2. what he was doing at the relevant time;
3. whether he was in possession of a key that fitted the ignition;
4. whether there was evidence of an intention to take or assert control of the car by driving or otherwise;
5. whether any person was in, at or near the vehicle and, if so, the like particulars in respect of that person.
In our case, Tina is inside the car. At the relevant time she is travelling, albeit she could be asleep, reading a book or having some more drinks. We can assume she is in possession of the “key” otherwise we assume the car wouldn’t be driving her home. We can assume nobody else is in the car.
Point 4 is the most relevant, I think, because it again comes down to the design of the car. If there is no possibility of Tina controlling the car’s steering, speed, etc then we must say there is no evidence of her intending to take or assert control. But, if she might be required to take control in an emergency then we would have to conclude that there is such evidence.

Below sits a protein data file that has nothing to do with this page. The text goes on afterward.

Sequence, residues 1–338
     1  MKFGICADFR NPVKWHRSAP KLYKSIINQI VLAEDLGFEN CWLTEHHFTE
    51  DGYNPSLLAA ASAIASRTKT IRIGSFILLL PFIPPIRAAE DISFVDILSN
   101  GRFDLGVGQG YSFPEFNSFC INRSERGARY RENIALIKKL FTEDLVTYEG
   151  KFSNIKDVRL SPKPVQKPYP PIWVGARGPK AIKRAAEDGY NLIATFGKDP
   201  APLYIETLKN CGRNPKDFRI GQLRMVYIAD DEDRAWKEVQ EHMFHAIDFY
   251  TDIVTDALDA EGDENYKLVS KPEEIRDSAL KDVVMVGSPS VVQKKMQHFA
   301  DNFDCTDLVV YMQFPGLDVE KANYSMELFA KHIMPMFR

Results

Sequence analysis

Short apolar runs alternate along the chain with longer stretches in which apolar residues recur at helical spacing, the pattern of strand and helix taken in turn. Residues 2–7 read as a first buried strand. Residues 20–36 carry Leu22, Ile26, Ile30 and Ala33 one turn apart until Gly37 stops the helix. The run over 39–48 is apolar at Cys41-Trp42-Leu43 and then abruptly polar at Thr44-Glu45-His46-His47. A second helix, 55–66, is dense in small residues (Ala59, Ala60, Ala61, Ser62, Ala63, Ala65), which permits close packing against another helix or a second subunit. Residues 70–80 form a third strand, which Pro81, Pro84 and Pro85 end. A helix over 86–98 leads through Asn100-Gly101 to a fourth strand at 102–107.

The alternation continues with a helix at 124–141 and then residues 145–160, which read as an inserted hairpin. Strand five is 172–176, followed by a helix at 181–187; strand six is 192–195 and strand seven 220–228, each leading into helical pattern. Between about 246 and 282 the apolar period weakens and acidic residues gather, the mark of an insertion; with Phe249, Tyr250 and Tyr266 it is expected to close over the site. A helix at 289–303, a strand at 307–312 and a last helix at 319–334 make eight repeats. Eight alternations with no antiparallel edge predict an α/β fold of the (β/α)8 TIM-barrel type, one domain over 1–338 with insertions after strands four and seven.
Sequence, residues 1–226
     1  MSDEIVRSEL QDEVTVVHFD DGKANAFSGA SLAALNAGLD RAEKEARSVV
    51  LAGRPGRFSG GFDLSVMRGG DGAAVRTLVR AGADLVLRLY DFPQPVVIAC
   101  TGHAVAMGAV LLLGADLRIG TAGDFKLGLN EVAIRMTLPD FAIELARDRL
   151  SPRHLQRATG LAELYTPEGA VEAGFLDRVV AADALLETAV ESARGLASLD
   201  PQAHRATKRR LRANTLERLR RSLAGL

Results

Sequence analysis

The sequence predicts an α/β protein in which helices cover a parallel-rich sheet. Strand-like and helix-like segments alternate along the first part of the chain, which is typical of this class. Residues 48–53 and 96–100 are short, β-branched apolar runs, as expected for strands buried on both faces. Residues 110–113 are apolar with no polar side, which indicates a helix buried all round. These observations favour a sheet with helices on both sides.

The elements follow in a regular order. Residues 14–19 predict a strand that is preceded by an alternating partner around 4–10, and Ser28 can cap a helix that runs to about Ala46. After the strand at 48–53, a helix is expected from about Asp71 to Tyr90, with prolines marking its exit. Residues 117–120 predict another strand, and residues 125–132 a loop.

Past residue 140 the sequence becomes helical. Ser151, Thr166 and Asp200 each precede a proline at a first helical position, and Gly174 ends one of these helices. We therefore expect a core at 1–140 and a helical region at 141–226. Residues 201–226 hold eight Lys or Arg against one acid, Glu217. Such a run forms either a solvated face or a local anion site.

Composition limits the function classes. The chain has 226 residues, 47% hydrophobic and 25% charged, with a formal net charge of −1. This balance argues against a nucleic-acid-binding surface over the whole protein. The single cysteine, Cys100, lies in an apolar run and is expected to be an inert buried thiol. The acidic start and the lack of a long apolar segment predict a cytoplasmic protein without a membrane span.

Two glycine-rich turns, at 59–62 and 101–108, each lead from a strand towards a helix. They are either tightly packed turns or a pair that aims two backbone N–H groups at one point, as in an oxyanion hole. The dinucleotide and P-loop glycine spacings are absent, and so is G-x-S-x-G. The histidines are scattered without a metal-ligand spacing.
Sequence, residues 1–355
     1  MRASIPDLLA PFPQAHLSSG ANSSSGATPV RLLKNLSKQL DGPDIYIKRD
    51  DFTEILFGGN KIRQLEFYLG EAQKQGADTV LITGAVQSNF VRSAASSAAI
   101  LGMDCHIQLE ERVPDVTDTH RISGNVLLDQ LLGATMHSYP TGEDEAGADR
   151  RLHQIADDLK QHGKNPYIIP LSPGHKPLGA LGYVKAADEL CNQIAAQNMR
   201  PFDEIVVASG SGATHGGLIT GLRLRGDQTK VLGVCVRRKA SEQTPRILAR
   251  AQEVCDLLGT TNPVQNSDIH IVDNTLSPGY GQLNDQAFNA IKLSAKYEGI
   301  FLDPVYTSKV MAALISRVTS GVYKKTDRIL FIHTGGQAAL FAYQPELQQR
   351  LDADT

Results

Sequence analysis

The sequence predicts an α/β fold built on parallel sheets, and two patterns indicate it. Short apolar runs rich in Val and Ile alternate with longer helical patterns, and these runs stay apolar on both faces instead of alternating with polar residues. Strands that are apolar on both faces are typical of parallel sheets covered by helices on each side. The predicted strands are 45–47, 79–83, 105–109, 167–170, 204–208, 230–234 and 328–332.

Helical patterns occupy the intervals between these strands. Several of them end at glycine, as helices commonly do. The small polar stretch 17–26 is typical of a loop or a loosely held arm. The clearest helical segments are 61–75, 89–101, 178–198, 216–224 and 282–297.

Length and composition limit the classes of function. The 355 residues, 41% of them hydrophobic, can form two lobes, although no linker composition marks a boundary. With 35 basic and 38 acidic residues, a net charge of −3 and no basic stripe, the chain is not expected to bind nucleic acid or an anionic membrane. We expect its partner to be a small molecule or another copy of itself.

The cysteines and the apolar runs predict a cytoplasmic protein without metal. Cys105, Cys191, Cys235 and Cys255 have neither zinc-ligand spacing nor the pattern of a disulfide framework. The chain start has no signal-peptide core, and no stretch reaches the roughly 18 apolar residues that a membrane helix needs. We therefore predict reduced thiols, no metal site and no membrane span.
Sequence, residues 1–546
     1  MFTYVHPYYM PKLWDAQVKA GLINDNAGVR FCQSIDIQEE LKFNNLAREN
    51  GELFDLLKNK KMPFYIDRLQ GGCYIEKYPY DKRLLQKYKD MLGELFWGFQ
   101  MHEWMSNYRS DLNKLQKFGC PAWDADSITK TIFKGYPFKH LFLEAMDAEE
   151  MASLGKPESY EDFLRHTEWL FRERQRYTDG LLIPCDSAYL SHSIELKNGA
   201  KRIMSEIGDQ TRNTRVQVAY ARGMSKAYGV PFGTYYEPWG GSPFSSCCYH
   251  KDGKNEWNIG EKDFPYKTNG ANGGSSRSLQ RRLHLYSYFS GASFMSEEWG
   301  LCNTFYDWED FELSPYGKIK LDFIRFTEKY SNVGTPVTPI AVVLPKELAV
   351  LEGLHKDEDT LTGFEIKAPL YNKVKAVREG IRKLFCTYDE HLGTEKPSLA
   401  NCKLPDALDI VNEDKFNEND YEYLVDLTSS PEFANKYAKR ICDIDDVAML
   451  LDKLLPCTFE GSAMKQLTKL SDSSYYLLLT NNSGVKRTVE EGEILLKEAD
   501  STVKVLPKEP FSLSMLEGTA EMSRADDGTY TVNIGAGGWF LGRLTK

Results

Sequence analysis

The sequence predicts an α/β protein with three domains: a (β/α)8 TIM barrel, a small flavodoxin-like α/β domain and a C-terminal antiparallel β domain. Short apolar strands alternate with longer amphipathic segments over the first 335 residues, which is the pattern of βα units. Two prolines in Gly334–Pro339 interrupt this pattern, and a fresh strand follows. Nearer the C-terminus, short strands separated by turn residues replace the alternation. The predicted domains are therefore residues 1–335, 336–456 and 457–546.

Section 5(2) RTA 1988 provides a defence to being drunk in charge where there is no likelihood of somebody driving while they remain above the drink driving limit. Again, if Tina might be required to assume control then she cannot afford herself of this defence. But, if the design of the car offers her no opportunity to control it then she can rely on this defence.
We can see that a lot will rest on the design of the self-driving car. If it is a moving living room with no way of controlling the driving other than to tell the car where you’d like to go then it is difficult to see how somebody could be defined as a driver. It would be easier for the person to be convicted of an offence if the design of the vehicle gives them more control but it will depend very much on the facts in each case.
We have looked at what happens if there is one person in the car all by herself, but the situation will be much more complex if there happens to be more than one occupant.
There appears to exist a power that could be used by the Secretary of State to exempt the occupants of self-driving cars from driving offences, although it has to be said it is unlikely that is a use Parliament ever intended when the law was passed.